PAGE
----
Concerns over the bond authorization are unfounded and have been discussed at length. The budget as passed by the Council is balanced and will not result in a short-fall.  I have confidence in this Council and our staff to ensure that we have dotted our “I’s” and crossed our “T’s” to meet all of the charter’s legal requirements.

In fact, the authority to withhold bond authorization has been a long-standing practice of the Council.  Past members of this Council have supported this practice.

I quote a past Councilmember, “I think the concept of allowing the exploration of projects without the actual bond float, the money to go with it, requiring the Administration to come back to us so that they can explain what the projects are before the actual money is allocated is a good policy.”  This quote came from Councilmember Alan Arakawa, dated April 27, 2001.  He made the motion to pass all the budget bills knowing that the there was no bond authorization for the West Maui Senior Center, the West Maui Resource Center and the Lanai Multi-purpose Center projects listed in the budget.

I agree with the sentiment of our Mayor, the practice of withholding bond authorization contributes toward greater public access to information and supports the Council’s responsibility to ensure that taxpayer dollars are well spent.  Withholding bond authorization allows the project to remain as a placeholder in the budget while providing for additional oversight from the Council.  Before taking out the loan to finance these projects, both the Council and public are given the opportunity to receive more detail and better understand how funds will be spent.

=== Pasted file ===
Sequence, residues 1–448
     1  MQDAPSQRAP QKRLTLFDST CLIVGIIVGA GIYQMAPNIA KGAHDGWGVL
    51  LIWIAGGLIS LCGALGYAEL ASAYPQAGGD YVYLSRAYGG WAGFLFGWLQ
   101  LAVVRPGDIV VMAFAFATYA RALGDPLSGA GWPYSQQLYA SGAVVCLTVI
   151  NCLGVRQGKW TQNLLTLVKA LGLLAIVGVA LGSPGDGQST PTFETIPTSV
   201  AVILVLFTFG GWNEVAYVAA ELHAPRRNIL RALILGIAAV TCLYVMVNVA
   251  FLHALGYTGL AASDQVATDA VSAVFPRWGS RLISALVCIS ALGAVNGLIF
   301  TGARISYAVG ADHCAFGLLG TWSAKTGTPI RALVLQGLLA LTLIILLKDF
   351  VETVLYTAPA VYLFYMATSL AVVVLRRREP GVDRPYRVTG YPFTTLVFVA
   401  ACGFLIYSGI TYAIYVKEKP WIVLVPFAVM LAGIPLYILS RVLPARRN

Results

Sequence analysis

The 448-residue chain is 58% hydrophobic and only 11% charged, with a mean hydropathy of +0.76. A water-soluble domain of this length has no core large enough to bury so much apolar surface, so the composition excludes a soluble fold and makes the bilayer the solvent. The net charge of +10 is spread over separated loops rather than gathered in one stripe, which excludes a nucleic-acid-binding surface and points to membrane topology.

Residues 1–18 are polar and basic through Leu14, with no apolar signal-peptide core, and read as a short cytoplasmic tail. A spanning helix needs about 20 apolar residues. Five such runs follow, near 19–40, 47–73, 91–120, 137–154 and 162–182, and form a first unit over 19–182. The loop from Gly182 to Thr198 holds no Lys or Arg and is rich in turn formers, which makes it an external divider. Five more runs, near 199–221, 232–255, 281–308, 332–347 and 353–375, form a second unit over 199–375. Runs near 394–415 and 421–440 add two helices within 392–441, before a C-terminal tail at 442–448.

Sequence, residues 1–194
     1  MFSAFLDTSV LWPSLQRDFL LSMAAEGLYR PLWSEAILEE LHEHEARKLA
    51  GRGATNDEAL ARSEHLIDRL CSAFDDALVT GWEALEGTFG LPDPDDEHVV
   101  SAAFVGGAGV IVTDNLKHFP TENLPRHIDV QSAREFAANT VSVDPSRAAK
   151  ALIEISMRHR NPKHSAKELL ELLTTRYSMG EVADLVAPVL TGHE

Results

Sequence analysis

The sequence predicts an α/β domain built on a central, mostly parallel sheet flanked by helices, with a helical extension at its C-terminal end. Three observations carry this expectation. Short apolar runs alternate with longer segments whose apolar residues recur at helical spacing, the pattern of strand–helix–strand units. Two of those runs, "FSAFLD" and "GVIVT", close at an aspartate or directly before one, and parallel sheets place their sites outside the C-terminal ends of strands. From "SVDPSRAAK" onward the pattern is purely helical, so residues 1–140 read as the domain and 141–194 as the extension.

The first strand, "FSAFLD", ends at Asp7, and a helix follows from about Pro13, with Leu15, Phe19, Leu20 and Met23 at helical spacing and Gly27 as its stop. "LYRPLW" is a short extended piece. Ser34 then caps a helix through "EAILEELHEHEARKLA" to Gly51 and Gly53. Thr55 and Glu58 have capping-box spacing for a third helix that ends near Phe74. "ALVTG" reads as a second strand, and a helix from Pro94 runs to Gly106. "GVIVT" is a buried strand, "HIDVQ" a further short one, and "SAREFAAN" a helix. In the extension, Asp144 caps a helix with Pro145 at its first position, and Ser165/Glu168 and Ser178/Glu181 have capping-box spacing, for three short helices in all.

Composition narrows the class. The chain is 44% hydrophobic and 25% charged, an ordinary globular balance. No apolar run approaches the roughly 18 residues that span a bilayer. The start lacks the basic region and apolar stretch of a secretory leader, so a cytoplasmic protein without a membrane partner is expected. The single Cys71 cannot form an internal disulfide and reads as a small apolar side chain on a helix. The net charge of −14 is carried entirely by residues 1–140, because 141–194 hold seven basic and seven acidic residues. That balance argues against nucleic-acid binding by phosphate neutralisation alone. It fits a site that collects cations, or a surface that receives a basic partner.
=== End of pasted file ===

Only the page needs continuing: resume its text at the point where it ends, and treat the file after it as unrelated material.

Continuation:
Following the passage of the budget out of Committee, the Department of the Corporation Counsel requested the General Budget Provisions be amended to expressly account for the withholding of authorization to issue general obligation bonds appropriated for certain projects.

To address this concern, a technical revision has been incorporated in the Budget bill. The new first sentence in Section 8 of the General Budget Provisions reads, “General obligation bonds appropriated in this ordinance need not be authorized contemporaneously with this ordinance to be included as estimated revenues.”

The Council decided to take a formal vote on the General Budget provisions and it was explicitly stated in the committee report that this provision was at the request of the Department of Corporation Counsel.

CONCLUSION

In closing, the mayor’s concerns are simply lacking in facts.

It is imperative that your government listens.  Each us worked hard to craft a balanced budget based on what residents requested.

I have faith in the administration to carry these appropriations out as they requested in their presentations and discussions with us on the floor.

Actions speak louder than words and I believe all of these projects are crucial to the long-term progress of our County and vital for us to continue being, “Maui No Ka Oi.”

Mahalo!